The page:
What is muscle Hypertonicity?

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What is muscle Hypertonicity?

Definition. Hypertonia is a condition in which there is too much muscle tone so that arms or legs, for example, are stiff and difficult to move. Muscle tone is regulated by signals that travel from the brain to the nerves and tell the muscle to contract.

What is a spasticity?

Spasticity is abnormal muscle tightness due to prolonged muscle contraction. It is a symptom associated with damage to the brain, spinal cord or motor nerves, and is seen in individuals with neurological conditions, such as: Cerebral palsy (CP)

What is spasticity and rigidity?

Whereas spasticity arises as a result of damage to the corticoreticulospinal (pyramidal) tracts, rigidity is caused by dysfunction of extrapyramidal pathways, most commonly the basal ganglia, but also as a result of lesions of the mesencephalon and spinal cord.

What causes hypertonic muscle?

Skeletal muscle hypertonia can be caused by many conditions including multiple sclerosis, cerebral palsy, Parkinson’s disease, and secondary to stroke. Hence, treatment options include agents with central and peripheral sites of action.

What is a contracture?

(kun-TRAK-cher) A permanent tightening of the muscles, tendons, skin, and nearby tissues that causes the joints to shorten and become very stiff. This prevents normal movement of a joint or other body part. Contractures may be caused by injury, scarring, and nerve damage, or by not using the muscles.

What is rigid muscle?

Muscle rigidity, also known as muscle tension, rigor, or stiffness, is one of the most common causes of muscle pain. It’s characterized by the inability of the muscles to relax normally. The condition can affect any of the muscles in the body, causing sharp pain that makes it difficult to move.

What is Cogwheeling behavior?

Cogwheel phenomenon, also known as cogwheel rigidity or cogwheeling, is a type of rigidity seen in people with Parkinson’s disease. It’s often an early symptom of Parkinson’s, and it can be used to make a diagnosis.

What is ragdoll syndrome?

Floppy infant syndrome, also sometimes referred to as rag-doll syndrome, is characterized by hypotonia that could present as either peripheral hypotonia or central. Depending on the origin of hypotonia, the infant will present with different symptoms that ultimately have the characteristic feature of hypotonia.

What is physiological contracture?

A temporary condition in which tension and shortening of a muscle are maintained for a considerable time although there is no tetanus. It may be induced by injury, disease, heat, drug action, or acids.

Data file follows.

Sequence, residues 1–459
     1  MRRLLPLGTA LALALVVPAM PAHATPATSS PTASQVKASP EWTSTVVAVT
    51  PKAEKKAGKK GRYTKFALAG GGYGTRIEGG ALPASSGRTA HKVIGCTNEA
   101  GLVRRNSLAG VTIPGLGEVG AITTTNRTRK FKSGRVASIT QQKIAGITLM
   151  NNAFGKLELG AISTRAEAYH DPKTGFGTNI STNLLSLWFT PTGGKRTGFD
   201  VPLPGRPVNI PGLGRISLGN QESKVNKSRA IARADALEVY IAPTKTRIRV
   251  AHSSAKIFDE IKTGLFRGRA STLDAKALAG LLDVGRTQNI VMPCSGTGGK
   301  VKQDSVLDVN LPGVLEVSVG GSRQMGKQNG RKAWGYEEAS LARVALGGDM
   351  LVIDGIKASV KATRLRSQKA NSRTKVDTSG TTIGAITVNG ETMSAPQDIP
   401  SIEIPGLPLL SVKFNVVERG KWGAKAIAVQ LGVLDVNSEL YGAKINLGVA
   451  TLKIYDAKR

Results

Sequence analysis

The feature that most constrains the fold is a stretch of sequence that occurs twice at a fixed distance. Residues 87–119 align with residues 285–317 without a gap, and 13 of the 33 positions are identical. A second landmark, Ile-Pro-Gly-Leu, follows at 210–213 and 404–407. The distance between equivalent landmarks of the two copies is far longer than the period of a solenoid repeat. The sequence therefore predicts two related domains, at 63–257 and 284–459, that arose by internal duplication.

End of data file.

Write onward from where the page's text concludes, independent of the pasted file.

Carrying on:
What is Constricture?

Listen to pronunciation. (kun-TRAK-cher) A permanent tightening of the muscles, tendons, skin, and nearby tissues that causes the joints to shorten and become very stiff. This prevents normal movement of a joint or other body part.

What is the medical term for involuntary movement?

Dyskinesia is a general term for any abnormal involuntary movement.

How are the different types of muscle contractions defined?

Several types of muscle contractions occur and they are defined by the changes in the length of the muscle during contraction. Isotonic Contractions. Isotonic contractions maintain constant tension in the muscle as the muscle changes length. This can occur only when a muscle’s maximal force of contraction exceeds the total load on the muscle.

Is there such a thing as a partially contracted muscle?

Recall from our previous discussion (see section How Muscles Contract ) that there is no such thing as a partially contracted muscle fiber: when a muscle is contracted, some of the fibers contract and some remain at rest (more fibers are recruited as the load on the muscle increases).

What happens to the muscle during an eccentric contraction?

During an eccentric contraction, the muscle elongates while under tension due to an opposing force which is greater than the force generated by the muscle. Rather than working to pull a joint in the direction of the muscle contraction, the muscle acts to decelerate the joint at the end of a movement or otherwise control the repositioning of a load.

What happens to the spindle of a muscle during contraction?

This mechanism normally maintains the sensitivity of the muscle spindle as the muscle shortens during contraction. This allows the muscle spindles to habituate (become accustomed) to an even further-lengthened position.

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